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Old 08-13-2020, 12:11 PM   #16
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4x4's since 1981 and going...

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Likely related to speed over rough terrain, my guess. When the coach cycles between X degrees tilt to the left and rapidly back to level or to the right over rutted roads, there is a lot of acceleration-deceleration. The coach axles don't have the same amount of suspension travel as the TV, even though the TV suspension is plenty stiff. Someone suggested mounting a go-pro camera in the coach some time, then watching the movie after a rough patch of road.

If you use Levelmate Pro, might turn on the sending unit prior to entering the rough spots and have your passenger monitor the real-time changes in side-to-side roll. you will be surprised how slow you will need to crawl over some stretches in order to keep the "roll rate" reasonable.
******

Partially the blame although slow is a BIG consideration on Left to Right 'thrusting' of the trailer AND tow vehicle. If you feel it with the tow vehicle going slow... reconsider or be very careful... the Airstream's center of gravity will create earthquake interior energy.

Exiting or Entering a Service Station at an angle over steep drainage curbs will shake the 'noodles out of the cabinets'. Be very cautious with these.

I pass on some Service Stations because the LEFT to RIGHT shaking is worse than any road we travel off the asphalt.

When you are turning into an irregular curb to anywhere and having to pick up speed as you are crossing on coming traffic... be aware of the potential of a dramatic tossing of back and forth motion as pjshier says.

We see ruts Off the Grid. Ruts are easy. We know how to navigate them. Curbs entering a parking lot or Service Station are... WORSE.

None of this has anything to do with a 4x4 towing as the OTG driver is already focused. A small SUV towing is not safe from the Side to Side thrust of the interior of an Airstream.

Watch for hitch 'drags' entering or exiting any place. Be careful. Do not lose your rear bumper or drag the hitch and assembly. The hitch drag can be mediated by flipping it and save you a lot of grief.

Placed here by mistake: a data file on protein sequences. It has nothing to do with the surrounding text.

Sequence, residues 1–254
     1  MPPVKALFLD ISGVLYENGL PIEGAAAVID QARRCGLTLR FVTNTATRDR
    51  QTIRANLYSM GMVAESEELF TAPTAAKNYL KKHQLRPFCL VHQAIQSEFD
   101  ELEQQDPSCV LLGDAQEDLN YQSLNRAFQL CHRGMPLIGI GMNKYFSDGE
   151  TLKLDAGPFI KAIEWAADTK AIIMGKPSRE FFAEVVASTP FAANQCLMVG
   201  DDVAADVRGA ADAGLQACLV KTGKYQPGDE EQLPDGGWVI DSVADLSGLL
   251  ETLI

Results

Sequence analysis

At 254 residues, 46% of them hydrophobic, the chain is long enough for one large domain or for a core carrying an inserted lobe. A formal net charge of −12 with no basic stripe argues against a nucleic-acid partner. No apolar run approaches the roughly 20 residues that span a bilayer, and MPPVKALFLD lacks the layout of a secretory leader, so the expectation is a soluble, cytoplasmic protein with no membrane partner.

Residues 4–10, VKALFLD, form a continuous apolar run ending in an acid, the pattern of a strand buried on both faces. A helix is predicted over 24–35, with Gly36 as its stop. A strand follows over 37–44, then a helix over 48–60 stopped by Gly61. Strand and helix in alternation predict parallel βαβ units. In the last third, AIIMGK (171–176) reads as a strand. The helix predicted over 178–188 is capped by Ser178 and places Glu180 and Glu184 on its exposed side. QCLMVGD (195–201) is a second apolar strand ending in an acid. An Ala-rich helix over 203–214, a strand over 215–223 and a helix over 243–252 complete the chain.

All of this is learned from watching others and avoiding their poor judgement. I hate to be an 'example'. Figured this out by trial and error. If in DOUBT... have someone watching outside the vehicle.

More damage is created AT Service Stations. Sharp turns hitting their concrete fuel pumps is a BIG Mistake and expensive. You will figure out a Left turn out works best as YOU can SEE the trailer as it... clears.

Experience can come cheap... or expensive. Having a 4x4 for US is 100% a no brainer. For the large majority... a whim, but when 4x4 becomes needed... even they come around. The resale of a 4x4 finds their market.
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Old 08-13-2020, 12:21 PM   #17
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That's either photoshopped or someone has been capturing images from my nightmares!
******

Yes. Someone did a great photo shop. Does draw attention when you... want to pass.

Reminds me of some of the Durango to Ouray, Colorado Highway 550... adventure. Paved and still just... enough... space to clear.
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Old 08-13-2020, 01:14 PM   #18
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is that Lone Butte? (pic #2)
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Old 08-13-2020, 01:25 PM   #19
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is that Lone Butte? (pic #2)
*****
Beaver Rim, Wyoming 2020. South of Lander, Wyoming. Beaver Rim is maybe twenty miles of View... if you can find the right road.

The 2006 Wyoming Adventure under Boondocking had an 'easier to get to' campsite on the Lander - Rock Springs Stage route. It may have photos, as well.

Two photos of Beaver Rim 2016 Wyoming Adventure. Photo from the VIEW side of the Rim and the second from the Prairie View of the... well... Wyoming in 2016.

To the North and West were Teepee Rings... so we were preceded hundreds of years ago by American Indians. We camped there as well.

We seem to have camped everywhere. We are running out of places to find to camp in the Rocky Mountains.

One big requirement. We have to be able to get the trailer there, otherwise we have to go back to Tent Camping, like in 2019 and after that... purchased the 2019 International. Sold the 25 foot in 2018 and gained a 27 foot in the process. Life is wonderful... when you learn a lesson that Tent Camping does not require the tool box, which I missed. Yeah, Right.
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Old 08-13-2020, 02:47 PM   #20
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When off road the other technique is to lower tire pressures a bunch. 20% or more. You have to go slow to not overheat but that will reduce bounce. This also means you need a way to reinflate once your back to improved roads.